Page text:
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Monday, 29 August 2011

Math GRE - #28

What is the volume of the solid formed by revolving about the x-axis the region in the first quadrant of the xy-plane bounded by the coordinate axes and the graph of the equation: \[y=\frac{1}{\sqrt{1+x^2}}?\]
  1. $\dfrac{\pi}{2}$
  2. $\pi$
  3. $\dfrac{\pi^2}{4}$
  4. $\dfrac{\pi^2}{2}$
  5. $\infty$

Solution :

Choice 4 is the correct answer.

Recall that the volume of revolution around the x-axis is given by the formula \[V=\int{\pi y(x)^2}\,dx.\] In this case, we can substitute for $y$ and plug in the limits of integration to obtain: \[V=\pi\int_0^\infty{\frac{1}{1+x^2}}\,dx.\]
Almost everyone with some calculus experience has had the great displeasure of memorizing: \[\int{\frac{1}{1+x^2}}\,dx = \arctan x + C.\] Now we can put it to good use! We can see that the answer is (if you'll pardon my poor notation): \[V=\pi\int_0^\infty{\frac{1}{1+x^2}}\,dx=\pi\left[\arctan\infty-\arctan0\right]=\pi\cdot\frac{\pi}{2}=\frac{\pi^2}{2}.\]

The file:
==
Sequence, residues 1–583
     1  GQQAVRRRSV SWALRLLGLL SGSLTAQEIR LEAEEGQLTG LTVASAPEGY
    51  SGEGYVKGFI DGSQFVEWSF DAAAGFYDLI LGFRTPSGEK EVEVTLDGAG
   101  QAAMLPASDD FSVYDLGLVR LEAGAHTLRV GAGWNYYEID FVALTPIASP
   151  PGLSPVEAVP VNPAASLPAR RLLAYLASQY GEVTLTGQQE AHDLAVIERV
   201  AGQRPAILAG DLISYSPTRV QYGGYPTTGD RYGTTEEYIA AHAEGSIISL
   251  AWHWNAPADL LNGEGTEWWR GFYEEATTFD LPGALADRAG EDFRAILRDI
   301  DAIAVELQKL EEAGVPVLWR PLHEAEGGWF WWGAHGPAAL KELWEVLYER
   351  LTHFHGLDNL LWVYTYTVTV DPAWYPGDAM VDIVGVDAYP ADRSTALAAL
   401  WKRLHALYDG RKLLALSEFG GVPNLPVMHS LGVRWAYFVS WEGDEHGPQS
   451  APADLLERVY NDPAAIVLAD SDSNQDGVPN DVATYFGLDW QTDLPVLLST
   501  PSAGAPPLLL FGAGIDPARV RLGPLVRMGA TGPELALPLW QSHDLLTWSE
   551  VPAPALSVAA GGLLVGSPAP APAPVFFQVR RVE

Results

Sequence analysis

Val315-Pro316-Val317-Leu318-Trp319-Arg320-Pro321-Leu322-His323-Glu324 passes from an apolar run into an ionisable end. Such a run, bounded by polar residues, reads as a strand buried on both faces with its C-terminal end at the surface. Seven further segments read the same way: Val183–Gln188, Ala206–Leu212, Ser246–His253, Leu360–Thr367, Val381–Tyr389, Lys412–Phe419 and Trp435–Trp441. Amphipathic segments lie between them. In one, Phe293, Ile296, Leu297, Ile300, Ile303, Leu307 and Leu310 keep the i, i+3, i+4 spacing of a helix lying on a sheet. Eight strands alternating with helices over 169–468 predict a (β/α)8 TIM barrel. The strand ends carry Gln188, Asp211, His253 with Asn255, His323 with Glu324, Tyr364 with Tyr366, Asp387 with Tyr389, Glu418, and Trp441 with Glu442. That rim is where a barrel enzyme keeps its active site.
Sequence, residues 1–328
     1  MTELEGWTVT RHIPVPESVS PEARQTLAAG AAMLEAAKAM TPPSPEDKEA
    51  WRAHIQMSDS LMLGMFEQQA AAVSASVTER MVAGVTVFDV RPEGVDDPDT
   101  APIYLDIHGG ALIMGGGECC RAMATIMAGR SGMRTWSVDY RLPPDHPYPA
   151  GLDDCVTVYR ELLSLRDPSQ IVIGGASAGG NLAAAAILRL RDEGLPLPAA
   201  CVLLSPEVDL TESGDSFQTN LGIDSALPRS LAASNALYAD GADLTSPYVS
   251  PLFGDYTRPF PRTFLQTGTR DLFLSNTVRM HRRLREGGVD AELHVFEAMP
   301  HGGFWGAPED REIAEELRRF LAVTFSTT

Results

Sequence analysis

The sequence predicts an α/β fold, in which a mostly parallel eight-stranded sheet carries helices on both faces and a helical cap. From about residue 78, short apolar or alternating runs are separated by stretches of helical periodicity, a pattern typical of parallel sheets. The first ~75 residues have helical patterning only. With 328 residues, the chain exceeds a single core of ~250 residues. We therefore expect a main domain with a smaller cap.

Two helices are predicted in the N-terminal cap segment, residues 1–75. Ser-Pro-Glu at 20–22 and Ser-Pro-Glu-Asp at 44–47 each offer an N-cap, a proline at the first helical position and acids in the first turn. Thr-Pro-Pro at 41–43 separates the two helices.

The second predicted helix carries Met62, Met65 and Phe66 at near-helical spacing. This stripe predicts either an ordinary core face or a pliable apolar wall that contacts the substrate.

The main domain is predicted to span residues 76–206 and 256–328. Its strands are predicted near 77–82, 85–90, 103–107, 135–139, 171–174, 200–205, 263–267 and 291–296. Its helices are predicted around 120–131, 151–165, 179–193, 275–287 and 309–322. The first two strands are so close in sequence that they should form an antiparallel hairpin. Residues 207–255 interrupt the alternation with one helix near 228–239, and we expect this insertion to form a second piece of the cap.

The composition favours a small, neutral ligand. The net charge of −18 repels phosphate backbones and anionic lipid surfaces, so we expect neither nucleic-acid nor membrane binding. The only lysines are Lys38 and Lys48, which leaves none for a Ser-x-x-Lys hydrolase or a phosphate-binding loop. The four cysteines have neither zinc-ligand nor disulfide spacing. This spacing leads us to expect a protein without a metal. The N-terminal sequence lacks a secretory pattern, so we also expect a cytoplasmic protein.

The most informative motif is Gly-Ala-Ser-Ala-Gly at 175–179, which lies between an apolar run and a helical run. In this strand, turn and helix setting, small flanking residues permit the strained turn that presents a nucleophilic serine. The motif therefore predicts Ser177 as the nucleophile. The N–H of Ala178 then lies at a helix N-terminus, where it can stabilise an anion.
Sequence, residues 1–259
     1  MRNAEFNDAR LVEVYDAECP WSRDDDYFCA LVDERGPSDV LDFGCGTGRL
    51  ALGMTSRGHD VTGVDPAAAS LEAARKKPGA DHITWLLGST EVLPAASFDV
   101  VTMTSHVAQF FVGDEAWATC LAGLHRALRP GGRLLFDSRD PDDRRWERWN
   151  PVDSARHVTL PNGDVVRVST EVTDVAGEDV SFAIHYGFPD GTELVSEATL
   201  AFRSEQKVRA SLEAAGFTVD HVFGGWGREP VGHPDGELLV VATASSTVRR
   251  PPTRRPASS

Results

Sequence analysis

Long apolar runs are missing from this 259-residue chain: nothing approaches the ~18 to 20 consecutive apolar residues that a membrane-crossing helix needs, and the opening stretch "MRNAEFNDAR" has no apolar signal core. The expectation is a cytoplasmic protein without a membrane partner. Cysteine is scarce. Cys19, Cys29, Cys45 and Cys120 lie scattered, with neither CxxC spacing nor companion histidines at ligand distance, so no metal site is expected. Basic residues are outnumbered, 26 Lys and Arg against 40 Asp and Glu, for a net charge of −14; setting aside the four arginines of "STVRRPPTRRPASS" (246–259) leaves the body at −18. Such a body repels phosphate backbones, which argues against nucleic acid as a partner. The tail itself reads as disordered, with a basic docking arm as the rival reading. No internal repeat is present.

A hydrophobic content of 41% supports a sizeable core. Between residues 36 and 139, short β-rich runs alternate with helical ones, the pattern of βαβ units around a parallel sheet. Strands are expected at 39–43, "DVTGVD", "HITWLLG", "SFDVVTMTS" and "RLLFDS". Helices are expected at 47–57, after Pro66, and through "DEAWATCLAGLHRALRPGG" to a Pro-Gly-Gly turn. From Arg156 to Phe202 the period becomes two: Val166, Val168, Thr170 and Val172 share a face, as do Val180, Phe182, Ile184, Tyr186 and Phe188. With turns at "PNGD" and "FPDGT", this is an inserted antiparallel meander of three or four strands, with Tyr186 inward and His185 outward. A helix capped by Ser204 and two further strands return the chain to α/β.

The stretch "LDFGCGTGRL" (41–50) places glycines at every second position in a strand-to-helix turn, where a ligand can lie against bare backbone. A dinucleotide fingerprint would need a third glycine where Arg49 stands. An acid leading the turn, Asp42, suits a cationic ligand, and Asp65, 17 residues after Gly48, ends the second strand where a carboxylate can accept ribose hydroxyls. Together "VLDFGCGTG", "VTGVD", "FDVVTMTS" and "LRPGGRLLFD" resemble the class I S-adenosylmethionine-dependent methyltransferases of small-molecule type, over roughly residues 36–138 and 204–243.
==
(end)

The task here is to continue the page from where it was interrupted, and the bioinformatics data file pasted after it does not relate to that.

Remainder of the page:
Interesting tidbit: Here's a funny little thing you'll often see in first year calculus. It's called Gabriel's Horn. It's got finite volume but INFINITE surface area. Just something interesting I wanted to share.


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